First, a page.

In the instant case, Appellant contends that individuals who care enough about victims of crime or children to donate their ten-dollar-a-day juror fee are biased as a matter of law. A defendant's entitlement to impartial jurors on the question of whether he committed the crime charged is entirely distinct from the question of whether the crime itself is one which arouses their moral passion. United States v. Johnson, 990 F.2d 1129, 1133 (9th Cir.1993). A defendant is not entitled to demand a jury impartial to the underlying crime itself. Id. We hold that the trial court did not err in refusing to dismiss the prospective jurors who had donated their ten-dollar-a-day juror fee to the crime victim's compensation fund or the child welfare fund. Because there was no implied bias, there was no error in refusing to grant Appellant's additional peremptory challenges in this matter. Appellant's issues one and two are overruled.
In his third issue, Appellant contends that section 61.003 of the Texas Government Code is unconstitutional as applied in the case. He complains that the prospective jurors, prior to the calling of the Appellant's case, were given the following instructions by the trial judge:
You were handed out one of these sheets referring to your fees. Is there anybody who didn't get one of these sheets. All right. We've got a couple of people in the back that need them.
This is something new that the legislature has required that we make available to you, give you an opportunity to give up your large fees that you are going to be paid for your service. The county has set ten dollars a day for jury service. That is more than the minimum required but it's obviously not magnificent pay.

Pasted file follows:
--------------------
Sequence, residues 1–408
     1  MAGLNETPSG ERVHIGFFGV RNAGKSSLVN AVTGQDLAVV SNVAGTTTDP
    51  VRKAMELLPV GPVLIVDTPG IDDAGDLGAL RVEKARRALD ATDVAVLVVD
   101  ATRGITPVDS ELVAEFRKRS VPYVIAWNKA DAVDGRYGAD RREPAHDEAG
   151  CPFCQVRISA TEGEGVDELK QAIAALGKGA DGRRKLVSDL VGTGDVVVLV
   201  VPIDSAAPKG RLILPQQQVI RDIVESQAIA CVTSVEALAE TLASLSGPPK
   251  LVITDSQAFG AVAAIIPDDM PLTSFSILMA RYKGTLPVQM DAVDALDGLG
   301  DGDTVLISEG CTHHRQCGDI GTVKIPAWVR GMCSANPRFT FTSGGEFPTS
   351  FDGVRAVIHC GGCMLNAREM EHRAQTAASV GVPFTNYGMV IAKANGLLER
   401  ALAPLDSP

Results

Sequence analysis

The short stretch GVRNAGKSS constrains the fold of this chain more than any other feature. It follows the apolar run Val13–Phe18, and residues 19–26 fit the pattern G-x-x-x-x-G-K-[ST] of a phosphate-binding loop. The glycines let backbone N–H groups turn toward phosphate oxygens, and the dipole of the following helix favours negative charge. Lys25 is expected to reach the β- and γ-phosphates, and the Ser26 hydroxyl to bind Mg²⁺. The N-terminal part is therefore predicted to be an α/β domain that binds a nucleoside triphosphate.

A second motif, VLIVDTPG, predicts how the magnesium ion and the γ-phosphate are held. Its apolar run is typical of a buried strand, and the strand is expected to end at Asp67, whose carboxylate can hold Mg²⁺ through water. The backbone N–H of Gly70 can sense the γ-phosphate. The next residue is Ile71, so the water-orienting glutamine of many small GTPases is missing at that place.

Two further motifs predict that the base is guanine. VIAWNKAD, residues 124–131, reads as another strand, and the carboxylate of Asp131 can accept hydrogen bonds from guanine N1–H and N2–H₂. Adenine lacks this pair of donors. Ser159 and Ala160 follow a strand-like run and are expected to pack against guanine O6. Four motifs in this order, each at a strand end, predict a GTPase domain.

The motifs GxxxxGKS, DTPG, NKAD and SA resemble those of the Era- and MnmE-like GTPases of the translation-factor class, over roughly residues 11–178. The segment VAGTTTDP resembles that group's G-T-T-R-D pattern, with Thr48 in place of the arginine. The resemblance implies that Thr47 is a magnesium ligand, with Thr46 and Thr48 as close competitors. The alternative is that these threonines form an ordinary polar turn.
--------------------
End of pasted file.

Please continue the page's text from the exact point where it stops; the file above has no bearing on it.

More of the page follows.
But nevertheless, the legislature wants to give you an opportunity to give up that fee and gives you ways to do that. You do not have to do that. And if you don't wish to give up the fee, then do not fill out the sheet that you have been handed.
But if you do wish either to not claim, in other words, waived your fee for jury service, in which case the funds remain the county treasury, then you need to check the first option down at the bottom of the page.
If you don't wish to claim your fee but you want to either donate that fee to the state crime victims compensation fund, then you check number 2.
Or if you wish to donate all of your fee to the Wood County Child Welfare Services fund, check number 3.
Again, if you don't wish to give up your fee at all and the Court is certainly not trying to encourage you to do so, then you simply do not fill out the form.
But when we take the break, if you would hand in any of those, any of you who wish to exercise one of those three options, you will need to place your form in the box that the clerk is setting there on the rail.